I am an incurable list maker, and I am an unreformed taxonomist. I love categories and sub-categories, so here is a list of my Top 10 (okay, 11) favorites roughly conforming to the following taxonomy:
Rock ‘n Roll
“New Wave” is a notoriously slippery label, vaguely encompassing the primal energy and DIY aesthetic of punk and the hook-laden ethos of pop. To its Mohawk-sporting detractors, it was simply diluted punk, the commercialized bastard stepchild of what was supposed to be menacing and anarchic and anything but commercial. These were the folks who didn’t know that The Sex Pistols started out as a marketing gimmick in a sex/bondage clothes shop. For me it was simply superb music. I don’t have a problem with melodies and hooks, nor do I have a problem with three-minute singles dominated by intelligent songwriting and the immortal combination of guitars, bass, and drums. And these are the folks, circa 1978 – 1982, who did that the best. It was a great musical era, and a great time to be from the U.K. There were good American New Wave bands as well, but this was a musical epoch, like 1964, when the best and most bracing music was imported to American shores.
In no particular order other than alphabetical:
Any Trouble – Where Are All The Nice Girls?
This was the greatest early Elvis Costello album never recorded by Elvis Costello. By this time (1980) Costello was veering off into the genre experiments that have characterized his music up to the present day. But Any Trouble, led by future Richard Thompson band member Clive Gregson, was clearly enamored of Costello in his Angry Young Man phase, and they made angry music about being uncool dweebs. Gregson, who looked the part, pulled it off not only because of his bookish librarian glasses, but also because he wrote superb little chiming guitar pop gems with titles like “Second Choice” and “When You Lose at Playing Bogart.” Bonus points for the genuinely rockin’ New Wave cover of Abba’s “The Name of the Game.” Uncool guys who can make Abba look cool are particularly praiseworthy.
Aztec Camera – High Land, Hard Rain
You have to have a hit in order to be a one-hit wonder. So I’m not sure what to call Aztec Camera. But Roddy Frame, essentially a one-man band, wrote at least half a dozen songs on this album that deserved to be massive hits, and he achieved a surprisingly full sound with just overdubbed acoustic guitars and vocals. There are some absolutely timeless pop gems here like “Oblivious,” with its swooning backing vocals, and “The Bugle Sounds Again,” which swelled to a glorious crescendo like some Phil Spector Wall of Sound symphony. Roddy kept trying, but he never came close to this, his debut album. It’s a deliciously melodic, melancholic offering from a No Hit Wonder.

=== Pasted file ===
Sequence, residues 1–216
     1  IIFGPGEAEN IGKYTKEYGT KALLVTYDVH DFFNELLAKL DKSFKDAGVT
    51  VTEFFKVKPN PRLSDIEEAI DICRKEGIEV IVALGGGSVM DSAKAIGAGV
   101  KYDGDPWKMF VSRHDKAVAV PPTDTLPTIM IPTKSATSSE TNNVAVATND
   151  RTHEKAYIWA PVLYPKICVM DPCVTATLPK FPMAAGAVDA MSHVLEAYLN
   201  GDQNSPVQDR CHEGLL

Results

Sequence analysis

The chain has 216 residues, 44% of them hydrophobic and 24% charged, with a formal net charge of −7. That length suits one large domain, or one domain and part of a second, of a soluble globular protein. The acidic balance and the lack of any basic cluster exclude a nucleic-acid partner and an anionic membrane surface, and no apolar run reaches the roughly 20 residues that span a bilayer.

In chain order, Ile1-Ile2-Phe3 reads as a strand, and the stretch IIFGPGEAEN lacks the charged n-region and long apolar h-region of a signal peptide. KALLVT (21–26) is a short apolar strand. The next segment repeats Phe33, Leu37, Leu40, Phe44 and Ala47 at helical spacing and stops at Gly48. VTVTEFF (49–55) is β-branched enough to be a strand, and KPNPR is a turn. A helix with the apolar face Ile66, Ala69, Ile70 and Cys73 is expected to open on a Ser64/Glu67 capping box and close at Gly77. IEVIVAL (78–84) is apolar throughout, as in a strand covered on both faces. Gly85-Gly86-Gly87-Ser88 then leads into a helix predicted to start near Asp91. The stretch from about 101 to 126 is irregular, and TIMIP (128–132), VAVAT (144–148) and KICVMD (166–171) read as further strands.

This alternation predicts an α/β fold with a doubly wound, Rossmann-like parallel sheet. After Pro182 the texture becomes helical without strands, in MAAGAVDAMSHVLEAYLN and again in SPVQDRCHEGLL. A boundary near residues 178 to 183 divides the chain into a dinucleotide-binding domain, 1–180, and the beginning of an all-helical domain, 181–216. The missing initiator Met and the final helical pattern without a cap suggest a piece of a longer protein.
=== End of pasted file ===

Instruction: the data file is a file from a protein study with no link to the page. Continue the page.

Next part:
Elvis Costello – This Year’s Model
Well, you know, it’s a classic for a reason. As strong as Costello’s debut (My Aim Is True) was, This Year’s Model surpasses it in every way – in the wildly inventive wordplay, in the perfectly manic vocal delivery, and in the furious circus music dominated by Steve Nieve’s Farfisa organ. For me, this is still the definitive New Wave album, and it stands as the high water mark in a career full of very strong albums. Costello did vituperative scorn and musical one-finger salutes better than anyone since mid-‘60s Dylan, and his band The Attractions managed to capture the sound of a runaway roller coaster careening off the tracks. It was a 1978 model, but it sounds just as relevant and just as urgent today.
Dave Edmunds – Tracks on Wax 4
Nick Lowe – Labour of Lust
Rockpile – Seconds of Pleasure
Dave Edmunds and Nick Lowe were veteran pub rockers, compatriots of the Brinsley Schwarz guys who eventually formed the backbone of Graham Parker’s band The Rumour. Edmunds was at heart an unreconstructed rock classicist, as much in love with Chuck Berry and early ‘60s Girl Groups as he was with punk. His early solo albums are almost slavish imitations of Berry’s trademark guitar licks and the Phil Spector Wall of Sound, but Tracks on Wax 4 finds the right balance between artistic homage and creative exploration, with Nick Lowe’s songs exploding with manic rock ‘n roll energy. It’s easy to play Spot the Influence – Chuck Berry here, The Everly Brothers there, the Wall of Sound everywhere – but Edmunds’ singing and guitar work and Nick Lowe’s songs were a great combination. The same combination shines on Lowe’s Labour of Lust, this time with bassist Nick stepping to the forefront. Edmunds’ solo on “American Squirm” is a model of economy and precision, while “Cruel To Be Kind” and “Switchboard Susan” remain the models for something, perhaps how to write lascivious songs while employing as many bad puns and double entendres as possible. Eventually these blokes stopped making solo albums and officially joined forces in the band Rockpile, where, you guessed it, Nick Lowe’s songs and Dave Edmunds’ guitar work were the high points. Between them, they made a good half dozen albums that verge on greatness, but these three are my favorites.